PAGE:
Framework

Capturing the world through photography, video and multimedia

Aug. 26, 1976: Paul Thompson, 27, of Minneapolis, practices a behind-the-back catch during the World Frisbee Championships at the Rose Bowl. This photo was published in the Aug. 27, 1976 Los Angeles Times.

PHOTOGRAPH BY: Robert Lachman / Los Angeles Times

Aug. 27, 1977: Ashley Whippet, Frisbee catch-and-fetch champion, shows his form during Rose Bowl workout. This photo was published in the Aug. 28, 1977 Los Angeles Times.

PHOTOGRAPH BY: Lee Romero / Los Angeles Times

July 26, 1983: Marcus Cisneros tosses Frisbee into the 18th "hole" at the disc golf course at La Mirada Regional Park. This photo was published in the July 28, 1983 Los Angeles Times.

PHOTOGRAPH BY: Rick Corrales / Los Angeles Times

Aug. 19, 1977: Ray Cunningham, Wham-O's marketing director, examines a display case full of imitation flying discs produced by competitors of the famous Frisbee. This photo was published in the Aug. 28, 1977 Los Angeles Times.

PHOTOGRAPH BY: R. L. Oliver / Los Angeles Times

Aug. 19, 1977: The Wham-O Frisbee logo is stamped onto molded plastic discs at a plant in San Gabriel. The discs are molded by subcontractors then labeled at the Wham-O plant. This photo was published in the Aug. 28, 1977 Los Angeles Times.

PHOTOGRAPH BY: R. L. Oliver / Los Angeles Times

Aug. 14, 1988: Sam Ferrans, left, and Peter Bowie demonstrate a technique of freestyle Frisbee, bouncing the disc from one chest to another at the La Mirada flying disc course. This photo was published in the Aug. 16, 1988 Los Angeles Times.

PHOTOGRAPH BY: John Fung / Los Angeles Times

Nov. 2, 1969: Contestants at Frisbee Championship held at Brookside Park in Pasadena.

PHOTOGRAPH BY: Ben Olender / Los Angeles Times Archive/UCLA

1977 photo of Ed Headrick, father of Frisbee golf, with discs. This photo was published in the Feb. 8, 1977 Los Angeles Times.

PHOTOGRAPH BY: Kathleen Ballard / Los Angeles Times

Aug. 23, 1974: The air at the Rose Bowl is full of Frisbees as Victor Malafronte, left, Lonika Lou and Che Quicksilver, all of Berkeley, practice for the World Frisbee Championships. This photo was published in the Aug. 24, 1974 Los Angeles Times.

PHOTOGRAPH BY: Don Cormier / Los Angeles Times

April 18, 1979: George Morris catches a Frisbee during a tournament at Fullerton College. This photo was published in the April 19, 1979 Los Angeles Times.

PHOTOGRAPH BY: Steve Rice / Los Angeles Times

April 28, 1994: An original Frisbee in packaging as sold in 1965 on display at the Wham-O company complex in San Gabriel. This photo was published in the May 5, 1994 Los Angeles Times

PHOTOGRAPH BY: Hyungwon Kang / Los Angeles Times

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Frisbees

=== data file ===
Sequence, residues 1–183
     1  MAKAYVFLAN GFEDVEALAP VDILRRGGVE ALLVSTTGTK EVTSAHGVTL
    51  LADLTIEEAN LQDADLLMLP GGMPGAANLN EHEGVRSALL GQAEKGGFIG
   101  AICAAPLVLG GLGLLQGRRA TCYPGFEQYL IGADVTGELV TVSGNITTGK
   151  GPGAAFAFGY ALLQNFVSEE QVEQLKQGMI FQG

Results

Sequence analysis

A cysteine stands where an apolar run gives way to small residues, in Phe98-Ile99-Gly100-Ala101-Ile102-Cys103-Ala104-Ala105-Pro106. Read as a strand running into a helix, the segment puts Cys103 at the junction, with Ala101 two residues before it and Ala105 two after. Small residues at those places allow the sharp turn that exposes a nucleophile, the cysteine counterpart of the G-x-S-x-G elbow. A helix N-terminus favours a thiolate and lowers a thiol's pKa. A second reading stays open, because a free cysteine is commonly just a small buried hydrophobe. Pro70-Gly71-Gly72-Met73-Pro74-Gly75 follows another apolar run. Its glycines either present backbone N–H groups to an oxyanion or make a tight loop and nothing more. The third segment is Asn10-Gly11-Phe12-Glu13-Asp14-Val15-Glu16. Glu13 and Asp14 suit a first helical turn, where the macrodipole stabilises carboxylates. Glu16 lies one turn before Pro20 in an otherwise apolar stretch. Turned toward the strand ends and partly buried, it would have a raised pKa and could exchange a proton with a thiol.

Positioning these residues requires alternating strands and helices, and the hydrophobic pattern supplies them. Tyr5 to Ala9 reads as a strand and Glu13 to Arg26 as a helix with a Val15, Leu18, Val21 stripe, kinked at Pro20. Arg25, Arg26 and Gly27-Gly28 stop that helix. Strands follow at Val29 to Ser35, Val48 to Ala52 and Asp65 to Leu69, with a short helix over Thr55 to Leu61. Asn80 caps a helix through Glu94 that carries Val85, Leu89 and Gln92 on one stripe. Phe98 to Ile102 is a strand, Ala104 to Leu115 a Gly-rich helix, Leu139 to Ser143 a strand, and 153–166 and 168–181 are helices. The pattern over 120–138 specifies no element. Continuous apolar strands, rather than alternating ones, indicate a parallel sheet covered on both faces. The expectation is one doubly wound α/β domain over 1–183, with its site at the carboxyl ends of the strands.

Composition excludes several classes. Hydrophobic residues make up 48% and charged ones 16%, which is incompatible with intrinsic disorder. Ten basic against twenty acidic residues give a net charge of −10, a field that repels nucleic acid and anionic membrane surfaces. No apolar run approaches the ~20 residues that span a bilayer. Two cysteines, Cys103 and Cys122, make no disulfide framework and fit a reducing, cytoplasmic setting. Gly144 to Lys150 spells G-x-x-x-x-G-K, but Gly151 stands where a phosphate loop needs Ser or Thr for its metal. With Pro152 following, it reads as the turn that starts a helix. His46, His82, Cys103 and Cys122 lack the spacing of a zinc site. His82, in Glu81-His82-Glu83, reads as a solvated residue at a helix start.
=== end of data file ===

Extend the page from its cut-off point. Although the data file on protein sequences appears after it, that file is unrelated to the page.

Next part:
Summer is here – time for a Frisbee photo gallery.

The Wham-O toy company’s Frisbee is a Southern California invention and fixture.

In an Aug. 14, 2002, Los Angeles Times obituary for Ed Headrick, staff writer Andrew Blankstein explained:

Headrick is credited with patenting the concentric, ridge-like rings that improved the aerodynamics of the discs first invented by Fred Morrison and marketed in the mid-1950s by Emeryville, Calif.-based toy manufacturer Wham-O.

Headrick is also credited with coming up with the idea for disc golf. He was co-founder of the International Frisbee Assn., the Professional Disc Golf Assn. and the Recreational Disc Golf Assn.

Frisbees, which took their inspiration from the metal pie pans thrown by Ivy League students starting in the 1930s, were introduced to the nation in 1957 as the “Pluto Platter.” The name was an effort to tap into the country’s fascination with space and unidentified flying objects.

When “Steady Ed” Headrick joined Wham-O in the 1960s, he created the “professional model” Frisbee disc design, which had better lift and could be thrown far greater distances than its flatter predecessors.

“When he did that, all of a sudden you had something that could fly with maximum height and distance,” said Peter Sgromo, marketing director for Wham-0. “And when kids got a hold of that, they had a great tool for legitimate sports.”

As sport combined with fad, the popularity of the Frisbee soared, and the discs could be spotted aloft in parks, beaches and college campuses. They also came to embody a freedom from the rigid rules of traditional American sports such as football.

Frisbees became, as Headrick told The Times in 1985, “the emblem of the unruly, something for people who were anti-everything to be pro-something.”

Ultimately, the popularity of the Frisbee transcended its anti-establishment appeal and Wham-O went on to sell more than 100 million of the professional model discs, which were first introduced in 1964. …

The full obituary Ed Headrick; Inventor of Pro Model Frisbee is online.

Yes we all refer to flying discs as Frisbees, but the word ‘Frisbee’ is a copyrighted trademark of the Wham-O toy company.

I am still looking for a Los Angeles Times photo of Fred Morrison, the inventor of the Frisbee.

scott.harrison@latimes.com

Follow Scott Harrison on Twitter and Google+

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1 Comment

  1. June 16, 2015, 11:18 pm

    The sad thingi is that frisbee golf is going the way of the dodo — the Redondo Beach course is closed down because someone got hit by a Frisbee and filed a lawsuit against the city.

    By: unclesmrgol

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